Top Sentiment Expert Says Short the Stock Market

Stock-Markets / Stock Index Trading
Dec 07, 2009 – 04:50 PM

By: DailyWealth

Tom Dyson writes: Jason Goepfert is America’s leading expert on stock market sentiment…

Sentiment shows you how the majority of investors are positioned in a market. Most of the time, it’s useless information. Bulls and bears will be roughly balanced and there won’t be any opportunity.

But occasionally, investors all pile onto the same side of a trade. When investors are all on the bullish side, there’s no one left to buy. When investors are all on the bearish side, there’s no one left to sell. Either way, the market has reached an extreme. This is a great opportunity to make money. You simply take the other side of the trade and wait for a reversal.

Jason has created hundreds of sentiment gauges for the stock, bond, commodity, and currency markets. These sentiment gauges give signals when investors are all on the same side of the trade. Right now, two of Jason’s stock market sentiment gauges are flashing…

The Investors’ Intelligence survey gives the first warning light.

Each week, Investors’ Intelligence polls the writers of 140 investment newsletters and determines whether the publisher is bullish, neutral, or bearish. It has conducted this survey every week since 1962.

Last week, the survey showed the percentage of bearish newsletter writers had fallen to 16.7%. This is the third-lowest bearish percentage in 22 years. It suggests the market has reached an extreme of optimism. (The two lower readings were in June 2003.)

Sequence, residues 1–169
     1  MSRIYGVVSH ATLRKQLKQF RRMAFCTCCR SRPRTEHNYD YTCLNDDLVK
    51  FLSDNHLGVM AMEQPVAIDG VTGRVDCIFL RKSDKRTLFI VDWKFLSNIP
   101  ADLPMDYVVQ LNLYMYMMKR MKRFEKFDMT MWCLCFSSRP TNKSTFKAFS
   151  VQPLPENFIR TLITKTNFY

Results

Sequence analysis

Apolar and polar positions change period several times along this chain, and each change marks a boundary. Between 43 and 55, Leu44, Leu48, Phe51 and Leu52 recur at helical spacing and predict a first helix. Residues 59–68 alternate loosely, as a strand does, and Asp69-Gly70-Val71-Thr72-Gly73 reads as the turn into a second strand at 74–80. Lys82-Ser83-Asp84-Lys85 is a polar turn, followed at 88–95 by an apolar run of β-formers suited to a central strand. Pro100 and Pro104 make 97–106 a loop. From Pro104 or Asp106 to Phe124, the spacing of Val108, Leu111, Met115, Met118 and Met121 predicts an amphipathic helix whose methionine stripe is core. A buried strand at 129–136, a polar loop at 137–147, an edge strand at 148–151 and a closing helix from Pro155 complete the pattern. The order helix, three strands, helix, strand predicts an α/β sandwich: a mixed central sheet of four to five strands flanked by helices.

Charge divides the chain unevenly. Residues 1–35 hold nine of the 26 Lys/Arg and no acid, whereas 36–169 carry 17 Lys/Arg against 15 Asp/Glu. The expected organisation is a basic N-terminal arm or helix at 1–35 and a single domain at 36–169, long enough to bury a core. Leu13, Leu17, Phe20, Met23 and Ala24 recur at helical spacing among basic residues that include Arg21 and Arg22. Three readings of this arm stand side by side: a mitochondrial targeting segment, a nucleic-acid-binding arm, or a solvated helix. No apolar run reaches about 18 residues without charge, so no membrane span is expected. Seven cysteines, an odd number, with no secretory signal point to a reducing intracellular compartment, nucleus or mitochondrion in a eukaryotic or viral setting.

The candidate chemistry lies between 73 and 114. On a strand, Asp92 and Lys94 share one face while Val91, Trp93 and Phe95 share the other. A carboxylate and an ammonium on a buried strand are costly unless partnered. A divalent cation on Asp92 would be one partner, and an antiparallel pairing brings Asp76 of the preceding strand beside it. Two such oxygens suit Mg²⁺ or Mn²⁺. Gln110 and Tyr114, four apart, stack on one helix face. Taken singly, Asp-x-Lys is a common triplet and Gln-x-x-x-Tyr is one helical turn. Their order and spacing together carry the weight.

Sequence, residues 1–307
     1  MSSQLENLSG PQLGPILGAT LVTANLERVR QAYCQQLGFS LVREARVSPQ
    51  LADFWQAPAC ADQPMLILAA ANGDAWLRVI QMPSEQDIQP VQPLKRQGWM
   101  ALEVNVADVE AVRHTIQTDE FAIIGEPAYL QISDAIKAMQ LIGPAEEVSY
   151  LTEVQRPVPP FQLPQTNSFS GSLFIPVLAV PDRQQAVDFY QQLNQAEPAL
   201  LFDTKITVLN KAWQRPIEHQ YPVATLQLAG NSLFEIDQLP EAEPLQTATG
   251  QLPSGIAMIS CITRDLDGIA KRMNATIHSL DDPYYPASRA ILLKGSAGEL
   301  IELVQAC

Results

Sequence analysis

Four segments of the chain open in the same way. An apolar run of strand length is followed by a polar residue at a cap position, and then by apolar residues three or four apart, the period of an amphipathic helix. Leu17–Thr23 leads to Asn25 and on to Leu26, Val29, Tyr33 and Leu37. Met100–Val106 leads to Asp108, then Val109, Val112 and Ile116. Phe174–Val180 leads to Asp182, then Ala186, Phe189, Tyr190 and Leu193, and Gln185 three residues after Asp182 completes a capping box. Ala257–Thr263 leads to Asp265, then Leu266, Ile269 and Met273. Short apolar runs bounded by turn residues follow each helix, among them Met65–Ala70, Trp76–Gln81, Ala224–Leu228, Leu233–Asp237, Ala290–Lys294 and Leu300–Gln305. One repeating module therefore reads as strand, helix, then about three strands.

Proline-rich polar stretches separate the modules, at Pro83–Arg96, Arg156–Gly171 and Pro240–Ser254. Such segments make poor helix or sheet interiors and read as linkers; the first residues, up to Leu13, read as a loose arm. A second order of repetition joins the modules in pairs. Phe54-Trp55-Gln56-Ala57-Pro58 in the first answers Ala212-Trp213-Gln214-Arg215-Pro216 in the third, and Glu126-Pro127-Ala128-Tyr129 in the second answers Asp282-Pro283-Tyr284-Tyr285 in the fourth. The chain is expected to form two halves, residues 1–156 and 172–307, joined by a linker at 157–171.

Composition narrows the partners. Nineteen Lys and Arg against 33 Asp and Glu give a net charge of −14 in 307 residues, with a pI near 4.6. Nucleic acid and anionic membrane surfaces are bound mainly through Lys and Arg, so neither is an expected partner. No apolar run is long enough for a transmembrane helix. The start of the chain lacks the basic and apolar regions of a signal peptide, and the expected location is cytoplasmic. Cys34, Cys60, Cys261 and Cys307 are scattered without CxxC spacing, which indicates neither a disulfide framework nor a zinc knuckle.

Jason looked up the 10 lowest Investors’ Intelligence readings of the last decade and studied the market’s performance after each extreme. He found the market had lost on average 0.3% one week later and lost 1.6% one month later.

The retail money market survey is giving the second flashing light…

The Investment Company Institute collects data on the money market holdings of retail investors. “Money market holdings” is the professional term for the cash investors hold in their brokerage accounts. When small investors are optimistic, they spend their cash on stocks. When they’re pessimistic or frightened, they dump their stocks and build up large amounts of cash. Jason has created a sentiment gauge from this data.

Jason compares the amount of cash retail investors hold in money market accounts to the market cap of the S&P 500. He says whenever money market assets climb over 10% of the S&P’s market cap, you have a great buying opportunity. (This ratio reached 15% in November 2008 during the credit crunch.) Conversely, when money market assets fall below 5% of the S&P’s market cap, it’s a good time to sell.

Right now, retail investors hold just over $1 trillion in money market funds. This represents around 8% of the S&P’s market cap. The indicator is balanced right now. But it’s still flashing a warning…

While 8% isn’t an extreme cash level, the speed at which cash levels have plummeted from the level they reached in November 2008 is extreme. There has only been one other time in the last 30 years when retail cash balances have plummeted as quickly as this. From mid-1982 to mid-1983, cash levels plummeted from 15% to 8% in one year. Over the next 12 months, the market went into a steady decline, losing around 15%.

Jason studies dozens of sentiment indicators. The two gauges I just mentioned above are giving bearish warnings. But Jason says he has other gauges giving bullish readings. So what does Jason recommend his subscribers do?

Jason is recommending readers take an initial 25% bearish position on the S&P 500… but wait for more confirmation from the trend before adding to the position.

Good investing,


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